WWE 2K20 first impressions: Do not buy until 2K Games patches this Glitch-o-Mania

Bizarre physics, old-gen console graphics, and a broken collision mechanic makes WWE 2K20 a total disaster.


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That's probably what this article would look like if it was written by the good people behind WWE 2K20, but since it hasn't, you needn't worry.

WWE 2K20 — the latest in videogame publisher 2K Games’ series of games based on the popular ‘sports entertainment’ behemoth — released worldwide on Tuesday, on PlayStation 4, Xbox One, and Microsoft Windows. Notably, this edition was the first without Yuke’s — developer of WWE games since 2000’s WWF Smackdown — on board (replaced by Visual Concepts) and is likely to be the last one for the present console generation. After all, the PlayStation 5 and the next Xbox are due for a late 2020 release.

WWE 2K20 is a disaster and desperately needs a patch update. Image: 2K.

WWE 2K20 is a disaster and desperately needs a patch update. Image: 2K.

New features

Much of the promotional campaign leading up to the launch of the game centred on the fact that the WWE’s women’s division was going to be the focus of the 2K Showcase — a recreation of historical matches and storylines peppered with documentary-style vignettes, clips from the relevant moment in history and a checklist of objectives. This year, the Four Horsewomen (Becky Lynch, Sasha Banks, Charlotte Flair and Bayley) get the treatment over a series of matches that spell out the quartet’s meteoric rise in the industry.

The MyCareer mode, introduced in the last edition, makes a return this time around and the RPG-ish story​mode revolved around the fortunes of a male and female wrestler rising up the ladder, past sweaty high school gyms, developmental tourneys and all the way to the WWE’s Hall of Fame.

Meanwhile, 2K Originals appears — I say ‘appears’ because the mode is a DLC that is as-yet-unavailable for download, for me at least — to be a fun little way set of storylines, with their own objectives, to put superstars in supernatural scenarios.

Universe Mode in WWE 2K20. Image: 2K.

Universe Mode in WWE 2K20. Image: 2K.

Elsewhere, the roster (including unlockable and DLC characters) is reportedly one of the largest yet, replete with a number of names that will have casual fans or those with a passing interest in sports entertainment scratching their heads. Combat controls and mechanics have also undergone a bit of a tweak. Mixed-gender matches, in keeping with the theme of this installment (more on this shortly), also make a return.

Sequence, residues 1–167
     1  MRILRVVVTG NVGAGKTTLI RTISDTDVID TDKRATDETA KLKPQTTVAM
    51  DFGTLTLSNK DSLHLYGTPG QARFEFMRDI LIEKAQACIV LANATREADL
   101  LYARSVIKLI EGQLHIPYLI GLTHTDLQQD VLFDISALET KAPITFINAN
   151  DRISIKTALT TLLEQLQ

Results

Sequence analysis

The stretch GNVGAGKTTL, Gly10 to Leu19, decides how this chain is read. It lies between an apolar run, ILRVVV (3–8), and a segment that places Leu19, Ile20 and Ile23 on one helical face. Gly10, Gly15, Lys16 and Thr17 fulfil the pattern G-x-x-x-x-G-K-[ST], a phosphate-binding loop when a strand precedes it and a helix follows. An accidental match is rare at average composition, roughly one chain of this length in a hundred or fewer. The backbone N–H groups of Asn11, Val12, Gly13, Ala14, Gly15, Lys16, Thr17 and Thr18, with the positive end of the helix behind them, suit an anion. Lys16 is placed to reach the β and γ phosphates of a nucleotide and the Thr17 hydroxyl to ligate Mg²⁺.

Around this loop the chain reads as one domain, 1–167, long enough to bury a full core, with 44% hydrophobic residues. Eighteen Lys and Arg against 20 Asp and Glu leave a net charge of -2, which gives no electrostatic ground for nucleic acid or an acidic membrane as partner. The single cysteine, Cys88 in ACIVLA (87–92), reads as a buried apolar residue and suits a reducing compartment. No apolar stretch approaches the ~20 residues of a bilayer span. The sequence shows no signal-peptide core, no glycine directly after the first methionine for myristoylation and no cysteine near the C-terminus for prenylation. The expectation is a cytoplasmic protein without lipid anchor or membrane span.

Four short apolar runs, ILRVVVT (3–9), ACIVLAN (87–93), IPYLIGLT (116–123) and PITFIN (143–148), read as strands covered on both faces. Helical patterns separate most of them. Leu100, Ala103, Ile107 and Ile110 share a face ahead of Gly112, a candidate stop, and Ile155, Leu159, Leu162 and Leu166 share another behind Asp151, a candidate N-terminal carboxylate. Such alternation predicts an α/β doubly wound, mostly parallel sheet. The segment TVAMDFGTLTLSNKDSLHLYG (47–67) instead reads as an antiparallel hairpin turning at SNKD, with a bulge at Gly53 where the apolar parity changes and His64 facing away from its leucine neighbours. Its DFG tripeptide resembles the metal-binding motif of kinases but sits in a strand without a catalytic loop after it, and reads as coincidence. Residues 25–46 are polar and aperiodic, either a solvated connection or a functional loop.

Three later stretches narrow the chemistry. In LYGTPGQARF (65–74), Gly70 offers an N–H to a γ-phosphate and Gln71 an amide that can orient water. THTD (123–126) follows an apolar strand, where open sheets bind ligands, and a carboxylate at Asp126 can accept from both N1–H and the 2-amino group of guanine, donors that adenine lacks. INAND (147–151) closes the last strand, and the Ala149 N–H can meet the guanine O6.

So, with all that in mind, is WWE 2K20 the King of the Ring or is it more likely to have the smackdown laid on it by fans and critics alike? A full review will follow in the days to come, but for now, here’s the early verdict on the PS4 version.

Opening bell

If you’re in that group of people who finds pro wrestling clichés liberally strewn across WWE game write-ups extremely cringeworthy and feel the need to slap a sharpshooter onto the writer, then you’re perfectly placed to appreciate my frame of mind vis-à-vis the graphics overall and character models in particular.

From the moment the main menu loads up, it’s impossible not to be, in equal parts, baffled, appalled and infuriated at the incredibly ugly character models on show. Baffled, because WWE 2K20 seems to have gone a step backward from the franchise’s 2018 iteration; appalled, because there’s no way a PS4 game in 2019 can get away with looking like this; and infuriated because it is downright criminal to charge customers nearly Rs 4,000 (more, if they ordered a deluxe edition) for characters that barely look human, never mind resembling their real-world counterparts.

But all of that is merely window-dressing, it could rightly be argued. After all, if a game plays well, piffling matters like graphics can be overlooked in time.

Fighting ugly

Unfortunately, it’s here that matters hit rock bottom — that’s five clichés so far, in case you were counting. Dodgy entrance animation is followed by some pretty dire targeting. Imagine this: The referee calls for the bell and your character emerges from her/his corner all set to claim an advantage with some early offense. Only, instead of landing that massive punch on the opponent, your character swings at nothing but thin air.